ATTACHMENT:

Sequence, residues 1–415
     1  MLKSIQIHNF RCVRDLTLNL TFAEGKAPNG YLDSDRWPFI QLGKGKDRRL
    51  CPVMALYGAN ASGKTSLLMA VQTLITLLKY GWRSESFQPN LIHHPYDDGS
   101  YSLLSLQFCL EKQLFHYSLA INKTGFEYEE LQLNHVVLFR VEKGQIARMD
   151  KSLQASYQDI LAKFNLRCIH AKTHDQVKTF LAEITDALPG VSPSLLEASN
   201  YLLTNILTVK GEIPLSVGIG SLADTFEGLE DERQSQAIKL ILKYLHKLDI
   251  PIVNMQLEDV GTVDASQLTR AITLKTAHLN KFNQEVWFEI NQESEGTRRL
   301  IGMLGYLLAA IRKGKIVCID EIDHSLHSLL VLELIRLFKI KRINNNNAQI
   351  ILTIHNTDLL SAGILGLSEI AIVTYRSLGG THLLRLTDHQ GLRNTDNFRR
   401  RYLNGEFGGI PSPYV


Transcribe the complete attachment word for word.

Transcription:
Sequence, residues 1–415
     1  MLKSIQIHNF RCVRDLTLNL TFAEGKAPNG YLDSDRWPFI QLGKGKDRRL
    51  CPVMALYGAN ASGKTSLLMA VQTLITLLKY GWRSESFQPN LIHHPYDDGS
   101  YSLLSLQFCL EKQLFHYSLA INKTGFEYEE LQLNHVVLFR VEKGQIARMD
   151  KSLQASYQDI LAKFNLRCIH AKTHDQVKTF LAEITDALPG VSPSLLEASN
   201  YLLTNILTVK GEIPLSVGIG SLADTFEGLE DERQSQAIKL ILKYLHKLDI
   251  PIVNMQLEDV GTVDASQLTR AITLKTAHLN KFNQEVWFEI NQESEGTRRL
   301  IGMLGYLLAA IRKGKIVCID EIDHSLHSLL VLELIRLFKI KRINNNNAQI
   351  ILTIHNTDLL SAGILGLSEI AIVTYRSLGG THLLRLTDHQ GLRNTDNFRR
   401  RYLNGEFGGI PSPYV